Israel's New Knesset Members Rush to Make Their Mark

Yesh Atid submits six bills against public corruption on first day of new Knesset.

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Arye Dery and Yair Lapid at the Knesset, May 14, 2015.
Arye Dery and Yair Lapid at the Knesset, May 14, 2015.Credit: Olivier Fitoussi

The brand new members of the 20th Knesset were sworn in just on Tuesday, but a number of them are in a hurry to make their mark and have already submitted bills for the new session.

Yesh Atid submitted six proposals on Tuesday against public corruption, the most notable of which would require that a person who has been convicted of a crime of “moral turpitude” could never again serve in the cabinet, Knesset or municipal councils. Another bill proposes that if the prime minister, a minister, deputy minister, Knesset member or mayor invokes their right to remain silent during a criminal investigation, this will be viewed as if they have resigned their public position.

A third bill is meant to define the crime of “breach of trust” specifically. “The lack of specific definition in the law of the crime of breach of trust has left a broad gray area, which has been used more than once as a hand-hold for politicians [and public servants] who have transgressed, [taken refuge] in the lack of criminality of their actions, and ignored the ethical and public issues arising from their acts,” states the bill’s preface. The proposed law defines the crimes and punishment, and puts ethical limits on the daily activities of public servants, wrote the bill’s sponsors.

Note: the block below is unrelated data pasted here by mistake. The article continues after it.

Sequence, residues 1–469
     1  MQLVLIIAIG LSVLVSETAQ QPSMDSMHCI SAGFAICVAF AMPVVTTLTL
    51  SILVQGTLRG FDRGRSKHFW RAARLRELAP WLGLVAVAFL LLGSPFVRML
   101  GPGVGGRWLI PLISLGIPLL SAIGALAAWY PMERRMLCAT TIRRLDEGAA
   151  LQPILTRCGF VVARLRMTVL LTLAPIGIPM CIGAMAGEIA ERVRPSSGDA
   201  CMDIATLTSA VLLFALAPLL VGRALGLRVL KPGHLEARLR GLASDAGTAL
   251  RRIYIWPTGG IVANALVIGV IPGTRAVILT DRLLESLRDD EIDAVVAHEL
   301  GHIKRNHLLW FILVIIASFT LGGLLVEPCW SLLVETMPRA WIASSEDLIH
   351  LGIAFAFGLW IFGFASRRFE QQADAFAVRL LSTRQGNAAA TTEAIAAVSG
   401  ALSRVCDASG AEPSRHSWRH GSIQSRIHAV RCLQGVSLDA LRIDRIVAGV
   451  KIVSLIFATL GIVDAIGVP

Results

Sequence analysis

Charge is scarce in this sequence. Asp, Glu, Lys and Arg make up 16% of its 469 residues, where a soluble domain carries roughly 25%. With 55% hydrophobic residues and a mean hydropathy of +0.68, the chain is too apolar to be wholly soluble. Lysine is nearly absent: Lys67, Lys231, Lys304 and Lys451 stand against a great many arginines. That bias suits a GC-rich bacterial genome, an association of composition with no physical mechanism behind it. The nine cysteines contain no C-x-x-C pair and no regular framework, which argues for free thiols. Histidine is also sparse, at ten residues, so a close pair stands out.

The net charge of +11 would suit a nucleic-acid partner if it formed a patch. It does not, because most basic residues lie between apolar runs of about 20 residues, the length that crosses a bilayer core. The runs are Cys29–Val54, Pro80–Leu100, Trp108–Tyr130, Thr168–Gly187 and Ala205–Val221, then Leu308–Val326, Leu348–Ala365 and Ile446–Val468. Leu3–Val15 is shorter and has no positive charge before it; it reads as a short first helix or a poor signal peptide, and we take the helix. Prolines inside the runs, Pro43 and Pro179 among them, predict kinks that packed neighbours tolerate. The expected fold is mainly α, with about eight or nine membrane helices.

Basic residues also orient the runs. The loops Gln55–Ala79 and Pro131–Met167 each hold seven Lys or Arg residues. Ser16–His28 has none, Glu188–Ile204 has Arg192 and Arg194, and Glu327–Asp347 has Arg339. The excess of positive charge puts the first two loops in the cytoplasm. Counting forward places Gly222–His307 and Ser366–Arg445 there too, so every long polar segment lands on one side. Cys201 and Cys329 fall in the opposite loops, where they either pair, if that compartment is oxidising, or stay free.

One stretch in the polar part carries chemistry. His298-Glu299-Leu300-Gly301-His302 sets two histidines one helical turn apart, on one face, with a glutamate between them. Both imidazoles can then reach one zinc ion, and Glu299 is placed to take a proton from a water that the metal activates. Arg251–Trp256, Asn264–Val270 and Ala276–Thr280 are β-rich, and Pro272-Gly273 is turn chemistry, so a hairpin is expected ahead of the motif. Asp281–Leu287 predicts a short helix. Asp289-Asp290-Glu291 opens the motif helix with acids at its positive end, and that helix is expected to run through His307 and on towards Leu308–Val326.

Another bill would strengthen the standing of internal auditors and legal advisors in government ministries and other public bodies, in order to better protect proper administration and the ability to prevent corruption.

It is far too early to know whether Yesh Atid has a chance of passing these laws in the new Knesset, or if they will go the way of most initiatives proposed by the opposition. Yesh Atid leader Yair Lapid will have to both convince the Justice Ministry and find partners within the coalition in order to advance these bills.

When asked whether the proposed law to keep those convicted of a crime of moral turpitude out of office was a “personal law” aimed at Shas MK Arye Dery, who is expected to be appointed a minister, Lapid said: “This is not a law against Arye Dery, it is also valid against Ehud Olmert, [Avraham] Hirschson and [Moshe] Katsav, or any other public figure.”

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